Thanks for the invitation to bring my family to your place for Independence Day weekend. It's not every brother-in-law who is so generous to his extended family, and I would like to offer some small token of my gratitude.
It is a modest gift of something I think your otherwise lovely home is in sore need of. I've observed that because of its proximity to the water your property tends to be infested by hordes of insects during this time of year. I've discovered a product that can remedy this. It comes in cylinders of leaves rolled around each other. It comes in various lengths and widths, according to your needs. Don't worry, the composition is purely organic. I'm told the product is made from specially raised tobacco leaves that have been carefully aged and cured. When slowly burned they create an exhaust that repels insects quite effectively.
Some user-participation is required, however, as the product tends to burn out when left alone. Happily, this problem can be easily avoided by occasionally drawing air through the unit's unlit end to keep it smoking. I suppose that you could use some kind of bellows contraption for this purpose, but I find it easiest to resuscitate the unit orally.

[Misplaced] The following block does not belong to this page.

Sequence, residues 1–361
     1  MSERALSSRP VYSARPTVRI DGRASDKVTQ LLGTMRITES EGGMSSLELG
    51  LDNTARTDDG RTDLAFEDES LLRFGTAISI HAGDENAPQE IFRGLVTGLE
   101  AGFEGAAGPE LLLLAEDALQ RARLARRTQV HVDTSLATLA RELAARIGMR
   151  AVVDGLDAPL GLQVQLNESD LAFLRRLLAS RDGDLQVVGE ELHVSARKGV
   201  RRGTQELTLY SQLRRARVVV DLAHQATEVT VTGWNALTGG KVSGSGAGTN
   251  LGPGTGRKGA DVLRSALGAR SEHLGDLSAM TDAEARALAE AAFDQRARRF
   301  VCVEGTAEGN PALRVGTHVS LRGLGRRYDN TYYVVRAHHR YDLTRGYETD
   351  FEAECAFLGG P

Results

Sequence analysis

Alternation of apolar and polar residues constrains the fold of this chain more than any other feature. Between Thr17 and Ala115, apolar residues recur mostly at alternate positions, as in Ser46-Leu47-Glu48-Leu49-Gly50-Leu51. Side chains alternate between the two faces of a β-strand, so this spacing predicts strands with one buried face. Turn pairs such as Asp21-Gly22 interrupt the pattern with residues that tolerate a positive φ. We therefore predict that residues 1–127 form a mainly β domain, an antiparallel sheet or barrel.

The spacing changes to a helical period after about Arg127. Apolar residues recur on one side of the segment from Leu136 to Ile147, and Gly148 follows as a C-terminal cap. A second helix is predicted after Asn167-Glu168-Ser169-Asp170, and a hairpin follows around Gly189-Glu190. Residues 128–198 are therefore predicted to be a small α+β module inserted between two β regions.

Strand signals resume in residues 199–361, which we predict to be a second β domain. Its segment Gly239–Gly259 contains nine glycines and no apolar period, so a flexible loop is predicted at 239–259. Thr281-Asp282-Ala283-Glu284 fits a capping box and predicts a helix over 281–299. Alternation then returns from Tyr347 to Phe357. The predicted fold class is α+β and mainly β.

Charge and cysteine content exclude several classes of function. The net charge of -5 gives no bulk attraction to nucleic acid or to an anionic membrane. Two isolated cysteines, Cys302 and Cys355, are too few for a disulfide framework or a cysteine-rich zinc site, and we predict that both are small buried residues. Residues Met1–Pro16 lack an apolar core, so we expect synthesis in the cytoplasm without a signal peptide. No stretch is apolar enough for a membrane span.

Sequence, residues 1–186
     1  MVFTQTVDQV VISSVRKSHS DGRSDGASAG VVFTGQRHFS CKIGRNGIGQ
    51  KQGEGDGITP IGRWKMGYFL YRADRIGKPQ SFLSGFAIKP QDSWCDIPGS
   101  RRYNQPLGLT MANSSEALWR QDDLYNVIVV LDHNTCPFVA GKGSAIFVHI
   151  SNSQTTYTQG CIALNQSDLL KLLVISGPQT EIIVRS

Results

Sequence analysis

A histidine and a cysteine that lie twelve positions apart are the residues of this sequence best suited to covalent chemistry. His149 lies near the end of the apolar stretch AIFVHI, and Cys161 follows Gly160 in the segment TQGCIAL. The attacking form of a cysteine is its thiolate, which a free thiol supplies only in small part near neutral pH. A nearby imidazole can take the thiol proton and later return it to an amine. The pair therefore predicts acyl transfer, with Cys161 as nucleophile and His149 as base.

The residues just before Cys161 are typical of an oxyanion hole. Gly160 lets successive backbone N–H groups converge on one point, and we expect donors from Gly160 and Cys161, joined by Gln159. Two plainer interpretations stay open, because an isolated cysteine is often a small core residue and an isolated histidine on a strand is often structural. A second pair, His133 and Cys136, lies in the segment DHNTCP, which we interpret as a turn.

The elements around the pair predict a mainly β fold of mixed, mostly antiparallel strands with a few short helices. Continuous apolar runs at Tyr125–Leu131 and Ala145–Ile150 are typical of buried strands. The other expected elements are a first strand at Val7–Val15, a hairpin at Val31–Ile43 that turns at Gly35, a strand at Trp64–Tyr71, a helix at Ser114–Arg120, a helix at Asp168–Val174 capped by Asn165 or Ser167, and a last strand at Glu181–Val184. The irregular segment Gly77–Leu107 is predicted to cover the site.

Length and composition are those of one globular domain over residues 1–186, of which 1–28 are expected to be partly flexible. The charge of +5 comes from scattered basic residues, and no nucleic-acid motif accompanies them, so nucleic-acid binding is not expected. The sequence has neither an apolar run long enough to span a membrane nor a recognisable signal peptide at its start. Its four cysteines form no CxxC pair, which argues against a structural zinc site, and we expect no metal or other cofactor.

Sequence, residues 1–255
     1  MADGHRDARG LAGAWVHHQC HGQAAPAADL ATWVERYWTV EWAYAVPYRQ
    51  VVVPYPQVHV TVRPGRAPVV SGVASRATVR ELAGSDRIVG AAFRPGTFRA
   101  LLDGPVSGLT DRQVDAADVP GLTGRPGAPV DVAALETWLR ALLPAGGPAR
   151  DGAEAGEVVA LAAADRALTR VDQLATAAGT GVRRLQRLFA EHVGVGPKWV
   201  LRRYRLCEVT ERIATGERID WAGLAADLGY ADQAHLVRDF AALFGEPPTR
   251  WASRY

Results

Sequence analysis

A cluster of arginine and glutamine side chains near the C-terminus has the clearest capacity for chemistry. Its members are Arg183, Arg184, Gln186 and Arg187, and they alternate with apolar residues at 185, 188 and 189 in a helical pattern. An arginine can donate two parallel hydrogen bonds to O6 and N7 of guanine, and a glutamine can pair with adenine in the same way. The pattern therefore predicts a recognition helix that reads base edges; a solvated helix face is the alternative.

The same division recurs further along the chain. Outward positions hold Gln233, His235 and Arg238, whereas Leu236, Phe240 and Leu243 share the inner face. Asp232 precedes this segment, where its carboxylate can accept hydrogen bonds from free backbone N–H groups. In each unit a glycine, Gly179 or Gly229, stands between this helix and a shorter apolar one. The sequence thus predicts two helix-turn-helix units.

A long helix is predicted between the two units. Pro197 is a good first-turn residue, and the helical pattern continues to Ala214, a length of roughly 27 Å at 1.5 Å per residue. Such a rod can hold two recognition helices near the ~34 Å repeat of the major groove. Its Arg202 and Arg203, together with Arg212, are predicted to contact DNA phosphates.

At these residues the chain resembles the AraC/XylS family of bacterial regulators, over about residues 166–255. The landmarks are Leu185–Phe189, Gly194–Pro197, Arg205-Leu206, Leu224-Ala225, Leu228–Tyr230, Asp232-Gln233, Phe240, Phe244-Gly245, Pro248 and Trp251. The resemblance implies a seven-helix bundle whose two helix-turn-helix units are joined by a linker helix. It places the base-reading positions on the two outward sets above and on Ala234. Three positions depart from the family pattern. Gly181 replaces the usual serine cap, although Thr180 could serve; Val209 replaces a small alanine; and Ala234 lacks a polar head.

From my own observations with this outstanding product, I can conclude that if we were to dutifully keep two of them operating on your outdoor deck from sundown into the evening we would be able to lay down a smoke screen that would effectively protect your house and its inhabitants from harassment by insects.
The repellent works best when used in conjunction with a dedicated glass vessel that is held in the unused hand and filled with alcohol (and ice if the weather suggests). The liquid I use has been carefully treated through years of containment in wood casks. As fumes are released from the wide mouth of the vessel, they combine with the smoke and, for reasons that science does not yet fully understand, further ameliorate the repellent function of the first devise.
The cylindrical repellents I am bringing were manufactured in Nicaragua. Would you prefer the liquid component come from Scotland or Kentucky?
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